Especially during prolonged holidays, your house may be visited by uninvited guests
If you're going away for the weekend or for the whole winter, now is the time to make sure that your home is really your castle. Burglary is not uncommon in Bulgaria, so if you feel unprotected from theft, now is the time to act.
Burglaries in Bulgaria come in two types. The first are so-called kokoshkarski, or petty robberies, committed by individuals or small groups of burglars who are sometimes drug addicts and who quickly snatch up whatever they can lay their hands on in hopes of pawning it.
The second are robberies by organised groups who pick out their victims in advance, looking for big-time prey. Despite their differences, both kinds of robberies are equally unpleasant – even if nothing is stolen, just knowing that someone has entered your home can ruin your peace of mind.
To protect yourself, take into consideration the kind of property you live in and think how best its security can be improved. In Bulgaria, most rented out apartments come with some kind of security system, but you can always add additional barriers against unwanted guests. If you live in a gated complex or a building with a doorman or security guard, make sure he's there around-the-clock.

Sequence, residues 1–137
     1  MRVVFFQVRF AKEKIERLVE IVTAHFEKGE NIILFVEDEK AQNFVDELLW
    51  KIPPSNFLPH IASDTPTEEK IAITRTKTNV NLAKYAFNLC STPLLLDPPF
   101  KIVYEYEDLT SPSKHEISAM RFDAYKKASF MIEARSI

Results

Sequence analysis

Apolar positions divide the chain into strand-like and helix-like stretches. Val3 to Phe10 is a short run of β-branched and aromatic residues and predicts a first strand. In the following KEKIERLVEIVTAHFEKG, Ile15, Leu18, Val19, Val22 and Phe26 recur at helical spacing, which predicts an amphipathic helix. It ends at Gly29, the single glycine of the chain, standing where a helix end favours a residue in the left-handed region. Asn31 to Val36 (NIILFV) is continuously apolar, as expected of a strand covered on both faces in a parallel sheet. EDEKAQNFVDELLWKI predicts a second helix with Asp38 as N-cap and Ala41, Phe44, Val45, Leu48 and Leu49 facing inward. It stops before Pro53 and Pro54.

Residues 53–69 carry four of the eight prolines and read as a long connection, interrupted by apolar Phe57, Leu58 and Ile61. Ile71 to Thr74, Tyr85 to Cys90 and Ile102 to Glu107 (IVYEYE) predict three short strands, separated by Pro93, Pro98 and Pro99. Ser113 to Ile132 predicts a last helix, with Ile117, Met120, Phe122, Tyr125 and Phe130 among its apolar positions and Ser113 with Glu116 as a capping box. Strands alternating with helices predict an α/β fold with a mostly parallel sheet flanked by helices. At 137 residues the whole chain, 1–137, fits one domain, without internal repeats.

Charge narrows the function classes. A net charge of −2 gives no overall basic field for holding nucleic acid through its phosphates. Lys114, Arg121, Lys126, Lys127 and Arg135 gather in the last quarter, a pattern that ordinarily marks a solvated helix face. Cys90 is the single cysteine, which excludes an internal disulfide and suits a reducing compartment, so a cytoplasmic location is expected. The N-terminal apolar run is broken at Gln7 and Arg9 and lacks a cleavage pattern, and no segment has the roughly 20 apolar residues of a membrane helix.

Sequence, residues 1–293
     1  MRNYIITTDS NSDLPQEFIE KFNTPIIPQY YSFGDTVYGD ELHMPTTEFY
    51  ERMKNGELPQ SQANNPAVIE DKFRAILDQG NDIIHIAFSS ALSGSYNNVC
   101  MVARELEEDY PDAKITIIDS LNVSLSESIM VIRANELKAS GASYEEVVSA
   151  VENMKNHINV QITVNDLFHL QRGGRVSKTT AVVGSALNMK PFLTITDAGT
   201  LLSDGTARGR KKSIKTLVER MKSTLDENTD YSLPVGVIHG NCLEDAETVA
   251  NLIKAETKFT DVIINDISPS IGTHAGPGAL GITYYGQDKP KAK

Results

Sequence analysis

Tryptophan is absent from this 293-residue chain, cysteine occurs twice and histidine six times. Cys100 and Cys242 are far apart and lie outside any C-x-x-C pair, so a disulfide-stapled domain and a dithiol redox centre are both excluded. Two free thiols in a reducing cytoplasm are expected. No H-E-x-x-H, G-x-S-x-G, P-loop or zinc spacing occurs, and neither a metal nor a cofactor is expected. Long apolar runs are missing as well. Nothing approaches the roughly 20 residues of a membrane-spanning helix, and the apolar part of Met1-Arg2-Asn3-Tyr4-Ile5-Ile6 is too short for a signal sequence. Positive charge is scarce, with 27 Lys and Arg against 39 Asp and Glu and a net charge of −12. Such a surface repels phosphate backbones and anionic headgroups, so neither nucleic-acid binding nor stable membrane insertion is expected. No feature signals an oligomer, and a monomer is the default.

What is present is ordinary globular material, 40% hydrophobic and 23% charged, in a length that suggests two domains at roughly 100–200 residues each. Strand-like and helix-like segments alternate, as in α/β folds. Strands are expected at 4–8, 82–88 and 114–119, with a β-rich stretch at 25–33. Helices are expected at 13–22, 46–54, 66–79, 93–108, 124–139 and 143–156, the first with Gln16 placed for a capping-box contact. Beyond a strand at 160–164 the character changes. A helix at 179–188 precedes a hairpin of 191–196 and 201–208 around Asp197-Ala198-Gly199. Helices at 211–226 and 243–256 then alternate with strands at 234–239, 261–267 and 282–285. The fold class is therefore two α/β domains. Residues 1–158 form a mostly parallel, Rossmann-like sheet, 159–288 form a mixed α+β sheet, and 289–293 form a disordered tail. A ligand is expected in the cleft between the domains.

If you don't enjoy these perks, however, it's crucial that the doors to your entryway and your apartment are solid. If your building doesn't have them, talk to your landlord or your neighbours – this improvement benefits everyone, and it may take just a little initiative to get the ball rolling.
Also the door and the lock on your apartment are important. Usually landlords are willing to lower your rent if you have an armoured door mounted. New buildings usually come with metal doors; however, it's easy to remove heavy doors from wooden frames, so it's crucial that the frame is changed as well.
Windows and balconies offer thieves entrance to apartments on both the lowest and the highest floors. Sturdy window casings, rolling shutters and bars can protect you from most intrusions.
Many homeowners rely on an ancient method of securing their property – watchdogs. At first glance it seems like a good idea, but what if you want to take your furry friend along with you on your holiday travels? Also, Bulgarian burglars are notoriously ruthless and won't hesitate to feed your dog sleeping pills or poison.